Now, I hope at this point you see that developing drugs is incredibly time and resource intensive.  I hope you are also still skeptical about the prices we pay in the US.  They are TOO high.  Everything that I have said about drug development doesn't account for the prices we pay.  So the next conclusion most people assume is, "those lousy, greedy, pharma executives are screwing us".  However, you have probably also heard, "they have affordable drugs in (insert country with socialized medicine)."  Why then, are those greedy people not screwing the sick people in other countries?  Do they have a particular disdain for the US?  No.

This is where foreign gov't policies (especially those with single payer systems) come into play.  You can think about these governments like a really big insurance company.  The one big difference is that they are the only game in town so if you live in one of these countries they WILL be your insurance company.  In the US, the only thing we hate more than pharma companies charging ridiculously high prices for medication, is insurance companies refusing to cover those medications.  This is where we lose our leverage.  Countries with single payer systems tend to either have laws or official policies governing how much they are willing to pay for drugs, and often it is dependent on manufacturing costs.  So let's consider Drug A.  Drug A must make $1B in order to be a profitable drug.  Each pill costs $1 to make.  The company making drug A expects to sell 200M pills in the US, and 300M in countries with single payer systems.  This means we would expect the pills to cost roughly $2/each.  Instead the countries with the single payer systems say we will only pay $1.01/pill, because you shouldn't be charging us more than it costs you to make the pill.  Now they go to negotiate the drug price in the US, and they still need to make $1B, but they can only make that money in the US.  Additionally, they know that consumers in the US will demand that drug companies cover the cost, no matter what it is, so they tell US insurers that the pill will be $5/pill each.  Thus, a pill that costs $1 in Country B can be $5 in the US.  So in a less direct way, the US is paying for the healthcare of other nations the same way we have been paying for the defense of other nations.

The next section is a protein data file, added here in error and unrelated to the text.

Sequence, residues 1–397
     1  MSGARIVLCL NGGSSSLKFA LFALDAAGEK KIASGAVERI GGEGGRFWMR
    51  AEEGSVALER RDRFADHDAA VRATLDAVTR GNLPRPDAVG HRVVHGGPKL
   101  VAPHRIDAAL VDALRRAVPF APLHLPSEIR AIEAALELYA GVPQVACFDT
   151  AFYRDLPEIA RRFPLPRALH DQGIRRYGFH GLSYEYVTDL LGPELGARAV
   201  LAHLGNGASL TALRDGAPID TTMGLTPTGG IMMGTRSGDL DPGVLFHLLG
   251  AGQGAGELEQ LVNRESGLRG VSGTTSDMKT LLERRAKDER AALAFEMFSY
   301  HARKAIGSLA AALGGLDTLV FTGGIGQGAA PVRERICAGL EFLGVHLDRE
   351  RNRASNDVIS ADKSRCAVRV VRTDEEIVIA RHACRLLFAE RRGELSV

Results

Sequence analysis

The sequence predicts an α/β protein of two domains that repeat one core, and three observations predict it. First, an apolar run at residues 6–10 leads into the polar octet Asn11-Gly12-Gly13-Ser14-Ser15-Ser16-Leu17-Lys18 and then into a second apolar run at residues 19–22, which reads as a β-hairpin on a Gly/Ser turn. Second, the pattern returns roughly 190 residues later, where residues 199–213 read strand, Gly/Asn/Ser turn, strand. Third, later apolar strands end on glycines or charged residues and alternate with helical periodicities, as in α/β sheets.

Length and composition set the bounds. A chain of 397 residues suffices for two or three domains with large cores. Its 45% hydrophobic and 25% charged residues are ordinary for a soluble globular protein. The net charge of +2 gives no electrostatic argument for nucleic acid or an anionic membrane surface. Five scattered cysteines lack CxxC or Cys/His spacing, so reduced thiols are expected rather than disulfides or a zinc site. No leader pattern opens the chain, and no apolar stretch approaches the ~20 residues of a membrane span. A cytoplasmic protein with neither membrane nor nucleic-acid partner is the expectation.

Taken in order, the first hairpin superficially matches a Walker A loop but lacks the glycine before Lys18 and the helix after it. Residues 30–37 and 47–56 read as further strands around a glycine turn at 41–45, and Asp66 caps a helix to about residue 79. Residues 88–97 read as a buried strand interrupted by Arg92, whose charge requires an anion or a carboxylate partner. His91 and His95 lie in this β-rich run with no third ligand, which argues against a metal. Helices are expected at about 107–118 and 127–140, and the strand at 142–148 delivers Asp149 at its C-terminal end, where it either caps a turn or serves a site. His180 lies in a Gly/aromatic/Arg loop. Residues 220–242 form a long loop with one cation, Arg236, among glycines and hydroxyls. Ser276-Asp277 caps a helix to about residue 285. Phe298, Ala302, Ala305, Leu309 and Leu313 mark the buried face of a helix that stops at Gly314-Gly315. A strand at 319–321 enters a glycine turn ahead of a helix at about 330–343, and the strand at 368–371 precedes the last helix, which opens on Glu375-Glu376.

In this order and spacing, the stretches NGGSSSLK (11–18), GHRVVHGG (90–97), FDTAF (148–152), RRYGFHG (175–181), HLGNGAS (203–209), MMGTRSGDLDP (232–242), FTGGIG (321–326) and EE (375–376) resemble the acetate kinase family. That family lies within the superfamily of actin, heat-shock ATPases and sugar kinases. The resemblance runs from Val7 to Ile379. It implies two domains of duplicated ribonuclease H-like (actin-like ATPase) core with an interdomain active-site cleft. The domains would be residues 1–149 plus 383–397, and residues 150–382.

What can be done about this?

For starters, we can be realistic.  This is one place where we should lower the cost of delivering healthcare in our country, but it is not by any means the only place.  We can't hope to fix this and suddenly have cheap healthcare.  Also, we have to do basic arithmetic.  We have to understand that if we pay the same thing here that places like Canada or New Zealand currently pay, new drugs simply will NOT get made.  There is a minimum amount of money that drugs have to make in order to incentivize the research and manufacture of new ones.  We can force drug companies to sell drugs in other develop nations at a similar price to what they sell them for in the US. This would likely cause our own drug prices to plummet, but it would also cause the drug prices in many friendly nations to skyrocket making their current health care systems untenable.

What makes the most sense to me is a piecemeal approach.  Let's not allow drug companies to use the US to subsidize other nations to the extent they currently do.  Lets also fund more translational research with public money, so that we can minimize risk and there fore the expect return on capital in drug development.  Lastly, what if we made the FDA work more like the CPSC in order to allow safe drugs to make it to the market substantially faster also lowering the expected returns.